Scottish independence: Yes campaign 'more active' on Twitter

Twitter Researchers at the University of Glasgow are mapping Twitter "conversations" related to the referendum debate

The pro-independence campaign has a "more active and spontaneous" network of tweeters than their "No" opponents, according to new research.

Researchers at the University of Glasgow mapped use of the hashtag #indyref to see how social media was utilised by each side of the debate.

Yes Scotland said social media played a pivotal role in disseminating its "positive" message.

Better Together said its online campaign reached "thousands" of people.

As well as analysing the volume, frequency and identity of tweets related to the independence referendum, researchers from the university's Policy Scotland hub also studied the nature of the issues being discussed and the direction of communication.

Start Quote

We're interested in seeing how Twitter feeds into and influences the campaign”

End Quote Des McNulty Policy Scotland

They will collate data and release a monthly snapshot from now until polling day on 18 September.

Voters will be asked the yes/no question: "Should Scotland be an independent country?"

The first snapshot of data, covering 13-19 December 2013, revealed more than 13,000 Twitter connections were made.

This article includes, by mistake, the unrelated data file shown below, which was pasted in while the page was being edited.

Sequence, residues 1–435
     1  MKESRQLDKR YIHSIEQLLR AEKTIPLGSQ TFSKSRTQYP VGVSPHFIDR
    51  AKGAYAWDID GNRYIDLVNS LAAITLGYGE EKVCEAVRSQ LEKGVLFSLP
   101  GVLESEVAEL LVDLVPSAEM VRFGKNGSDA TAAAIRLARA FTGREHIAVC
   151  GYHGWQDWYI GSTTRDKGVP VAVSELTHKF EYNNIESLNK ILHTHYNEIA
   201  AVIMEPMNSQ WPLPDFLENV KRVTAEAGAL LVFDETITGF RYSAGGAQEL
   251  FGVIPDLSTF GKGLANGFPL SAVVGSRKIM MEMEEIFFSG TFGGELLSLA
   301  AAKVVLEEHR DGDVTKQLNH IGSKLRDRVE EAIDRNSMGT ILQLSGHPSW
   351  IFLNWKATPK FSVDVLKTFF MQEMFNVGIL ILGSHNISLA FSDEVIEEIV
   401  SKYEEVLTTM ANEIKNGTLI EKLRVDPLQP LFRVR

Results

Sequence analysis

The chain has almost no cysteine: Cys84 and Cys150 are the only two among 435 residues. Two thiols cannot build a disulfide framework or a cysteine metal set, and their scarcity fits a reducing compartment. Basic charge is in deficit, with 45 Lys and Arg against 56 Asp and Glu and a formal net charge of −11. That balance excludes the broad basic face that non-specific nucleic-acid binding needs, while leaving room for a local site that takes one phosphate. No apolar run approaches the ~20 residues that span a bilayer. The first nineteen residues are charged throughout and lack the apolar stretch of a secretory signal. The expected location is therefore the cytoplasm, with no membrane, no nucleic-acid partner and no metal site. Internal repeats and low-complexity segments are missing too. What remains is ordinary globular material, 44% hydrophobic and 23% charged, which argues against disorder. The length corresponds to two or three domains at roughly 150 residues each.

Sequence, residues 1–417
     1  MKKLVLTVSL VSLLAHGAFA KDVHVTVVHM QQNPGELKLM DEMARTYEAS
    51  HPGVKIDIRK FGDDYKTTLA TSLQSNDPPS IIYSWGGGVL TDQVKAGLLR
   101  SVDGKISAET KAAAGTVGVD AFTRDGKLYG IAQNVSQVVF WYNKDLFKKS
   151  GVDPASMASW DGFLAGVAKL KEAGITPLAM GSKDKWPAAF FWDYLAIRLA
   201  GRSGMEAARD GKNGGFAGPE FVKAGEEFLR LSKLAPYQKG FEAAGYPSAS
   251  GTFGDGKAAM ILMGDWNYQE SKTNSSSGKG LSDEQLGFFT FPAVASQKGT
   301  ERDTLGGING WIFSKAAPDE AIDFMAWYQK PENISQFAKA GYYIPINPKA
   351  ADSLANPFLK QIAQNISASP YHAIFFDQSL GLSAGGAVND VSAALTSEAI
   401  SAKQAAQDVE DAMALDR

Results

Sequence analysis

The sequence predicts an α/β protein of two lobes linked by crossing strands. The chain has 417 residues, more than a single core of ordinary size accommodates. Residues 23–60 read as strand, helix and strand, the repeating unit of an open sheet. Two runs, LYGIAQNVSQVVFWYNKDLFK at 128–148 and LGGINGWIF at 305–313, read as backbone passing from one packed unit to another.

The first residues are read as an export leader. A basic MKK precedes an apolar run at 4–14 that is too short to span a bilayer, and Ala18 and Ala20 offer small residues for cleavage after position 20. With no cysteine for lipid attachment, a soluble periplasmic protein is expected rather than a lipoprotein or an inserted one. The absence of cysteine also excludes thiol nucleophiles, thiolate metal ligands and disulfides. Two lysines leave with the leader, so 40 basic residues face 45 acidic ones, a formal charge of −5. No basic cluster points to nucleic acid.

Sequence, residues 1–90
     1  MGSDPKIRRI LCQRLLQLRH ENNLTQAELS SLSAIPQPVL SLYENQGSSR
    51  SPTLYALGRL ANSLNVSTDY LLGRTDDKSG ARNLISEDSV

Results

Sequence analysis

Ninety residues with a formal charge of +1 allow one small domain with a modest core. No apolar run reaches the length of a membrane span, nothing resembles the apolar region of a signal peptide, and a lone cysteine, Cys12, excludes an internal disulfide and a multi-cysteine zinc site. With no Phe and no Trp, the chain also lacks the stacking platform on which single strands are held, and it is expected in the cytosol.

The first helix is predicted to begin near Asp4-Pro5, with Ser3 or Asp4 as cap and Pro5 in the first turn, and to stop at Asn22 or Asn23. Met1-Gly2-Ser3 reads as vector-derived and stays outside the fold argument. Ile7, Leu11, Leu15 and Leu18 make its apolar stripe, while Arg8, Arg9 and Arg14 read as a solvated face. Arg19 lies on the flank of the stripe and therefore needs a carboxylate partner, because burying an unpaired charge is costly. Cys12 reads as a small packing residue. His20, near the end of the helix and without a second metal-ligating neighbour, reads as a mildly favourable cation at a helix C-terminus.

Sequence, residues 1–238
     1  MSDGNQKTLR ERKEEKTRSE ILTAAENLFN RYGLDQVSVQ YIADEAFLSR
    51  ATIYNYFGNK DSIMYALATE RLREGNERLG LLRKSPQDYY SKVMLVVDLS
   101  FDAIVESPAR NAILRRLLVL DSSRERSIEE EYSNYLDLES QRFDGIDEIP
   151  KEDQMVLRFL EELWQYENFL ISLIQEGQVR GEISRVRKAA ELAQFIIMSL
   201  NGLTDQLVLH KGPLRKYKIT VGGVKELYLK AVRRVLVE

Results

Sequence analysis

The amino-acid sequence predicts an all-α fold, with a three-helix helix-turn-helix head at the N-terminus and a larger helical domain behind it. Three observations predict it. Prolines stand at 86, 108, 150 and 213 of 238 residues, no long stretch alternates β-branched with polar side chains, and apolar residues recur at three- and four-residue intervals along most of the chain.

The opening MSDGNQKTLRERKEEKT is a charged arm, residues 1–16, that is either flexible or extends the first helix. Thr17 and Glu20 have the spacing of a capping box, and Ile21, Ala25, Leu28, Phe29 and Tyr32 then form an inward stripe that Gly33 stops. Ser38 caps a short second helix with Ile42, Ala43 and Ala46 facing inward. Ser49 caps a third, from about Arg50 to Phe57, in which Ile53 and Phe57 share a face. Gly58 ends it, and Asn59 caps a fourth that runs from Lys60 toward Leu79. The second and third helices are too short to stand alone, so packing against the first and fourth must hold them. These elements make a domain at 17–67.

It also showed that many of the Twitter "conversations" taking place on the referendum were not channelled through the official campaigns.

'Connect with others'

Des McNulty, deputy director of Policy Scotland, said the high level of Twitter use showed how political campaigning had changed.

"Traditionally, campaigns were organised with military precision," he said. "Social media changes all that.

"With Twitter we can follow what politicians are saying over time, and ensure they are being consistent.

"But anyone can Tweet, and they use the medium to connect with others.

"No one has mapped it until now and we're very interested in seeing how this feeds into and influences the campaign over time."

Better Together's use of Twitter tended to be from top-down, Mr McNulty added.

"It's interesting that in this particular snapshot 'Yes' has been more active and spontaneous," he said.

"They use more tweets and hashtags, and have a bigger network of tweeters.

"'No' tweets are coming from the top down, and there is no real network amplifying the debate."

'Accessing voters'

Yes Scotland's head of digital Stewart Kirkpatrick said social media was vital for accessing voters directly.

He said the campaign had 28,000 Twitter followers, and was active on Facebook and YouTube.

He added: "Social media will continue to play a pivotal role in ensuring that we build the largest grass roots movement Scotland has ever seen.

"We know from our own polling that the more people are informed about independence, the more likely they are to vote Yes.

"Social media provides us with vital access to inform major sections of Scotland's voters."

A Better Together spokesperson said the group had a "huge" presence online.

He added: "Our campaign is reaching thousands of people every single day via our website, Twitter, Facebook and other means.

"However the referendum will be decided on the big economic questions about currency, pensions and whether we would be better off by going it alone, not how many likes either side can get on Facebook."

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